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Why is the HD650 'boring'? - Page 2

post #16 of 88
Quote:
Originally Posted by Satellite_6 View Post

They shine with everything. Except bad recordings. 



And aggressive music.

post #17 of 88

Try removing the inner and outer foam, using a silver cable, and pairing it with an SS amp. 

post #18 of 88
Quote:
Originally Posted by Poetik View Post

Try removing the inner and outer foam, using a silver cable, and pairing it with an SS amp. 



If that was to me, that's a lot more than I'm willing to do just to see if I like it wink.gif

post #19 of 88

Well, because some people compare them to other headphones that are more upfront and engaging. Standalone they aren't that boring, especially when playing rock music or anything with a good beat. But, if you are going to compare it to some Grados or even something like the AD900 or D2000, you'll soon find out how smooth, laid back, and easy going the sound is. People will play metal or hard rock expecting them to somehow alter the music to have a slower tempo and less impact and say "Why do people say these are boring?". But it's not that at all. Exciting music is exciting. Boring music is boring. But more aggressive headphones will make the "exciting", "electrifying". And that difference to some (including me) really makes or brakes a headphone. Hence exactly what happened with my D2000 vs HD650 review. No, the HD650 isn't a bad phone, it's just to slow and yes, "boring" for me. And I don't have any plans on making it "exciting" by adding a thousand dollar amp to it. I think I'll just save a ton of dough and buy something that is originally more aggressive...

post #20 of 88
Quote:
Originally Posted by Alghazanth View Post





And aggressive music.


I'd like to relate HPs to speakers.

 

Frankly, people who own Apogees, Martin Logan or Magnapans do  not appreciate the same kind of music of the people who own Polk Audio, Klipsch or Cerwin Vega just to name a few. 

 

 

 

 

 

post #21 of 88

The HD650, like the HD600, is an excellent headphone, though not the one I ended up with.  I owned the HD650 for a time and found it extremely smooth.  The treble is filtered and the overall sound is very nonfatiguing.  Were they boring?  Yes, when compared to my Grados.  Grados don't filter the treble (except to the extent that some cushions - like the flats - seem to absorb treble).  The treble is actually "percussive" in the sense that you can feel its dynamics, the same you would feel bass, but Grados have their own set of issues, including treble fatigue.  With Grados, I have to change the volume from track to track.  I don't recall having to do that with the Sennheisers.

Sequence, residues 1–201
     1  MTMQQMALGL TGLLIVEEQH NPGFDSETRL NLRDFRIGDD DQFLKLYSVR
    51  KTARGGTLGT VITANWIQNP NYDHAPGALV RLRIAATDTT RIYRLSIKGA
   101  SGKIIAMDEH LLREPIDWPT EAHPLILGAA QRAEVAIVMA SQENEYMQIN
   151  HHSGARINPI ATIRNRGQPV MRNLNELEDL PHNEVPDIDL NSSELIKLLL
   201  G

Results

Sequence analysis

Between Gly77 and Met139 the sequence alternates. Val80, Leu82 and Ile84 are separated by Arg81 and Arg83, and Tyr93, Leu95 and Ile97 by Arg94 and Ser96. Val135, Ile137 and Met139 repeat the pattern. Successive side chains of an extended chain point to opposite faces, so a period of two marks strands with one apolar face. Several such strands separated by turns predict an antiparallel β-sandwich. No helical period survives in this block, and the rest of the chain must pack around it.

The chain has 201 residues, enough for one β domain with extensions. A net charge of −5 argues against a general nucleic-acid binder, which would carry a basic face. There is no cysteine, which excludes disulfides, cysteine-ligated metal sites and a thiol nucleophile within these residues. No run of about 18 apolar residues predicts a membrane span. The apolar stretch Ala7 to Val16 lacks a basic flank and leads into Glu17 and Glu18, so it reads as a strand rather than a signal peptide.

post #22 of 88
Quote:
Originally Posted by Katun View Post

Well, because some people compare them to other headphones that are more upfront and engaging. Standalone they aren't that boring, especially when playing rock music or anything with a good beat. But, if you are going to compare it to some Grados or even something like the AD900 or D2000, you'll soon find out how smooth, laid back, and easy going the sound is. People will play metal or hard rock expecting them to somehow alter the music to have a slower tempo and less impact and say "Why do people say these are boring?". But it's not that at all. Exciting music is exciting. Boring music is boring. But more aggressive headphones will make the "exciting", "electrifying". And that difference to some (including me) really makes or brakes a headphone. Hence exactly what happened with my D2000 vs HD650 review. No, the HD650 isn't a bad phone, it's just to slow and yes, "boring" for me. And I don't have any plans on making it "exciting" by adding a thousand dollar amp to it. I think I'll just save a ton of dough and buy something that is originally more aggressive...


Absolutely agree my friend. My thoughts exactly, and they pertain to not just the D2K vs HD650 but neutral vs colored in general. In Metal, the difference is just so distinct... it goes from being merely exciting to unbelievably fun, involving, and engaging. The headphone should be like this to begin with, and THEN we "can" expand upon it with expensive amps, DACs, and cables. We shouldn't need to do all of that just to get them where we wish they were in the first place!

 

post #23 of 88
Quote:
Originally Posted by Alghazanth View Post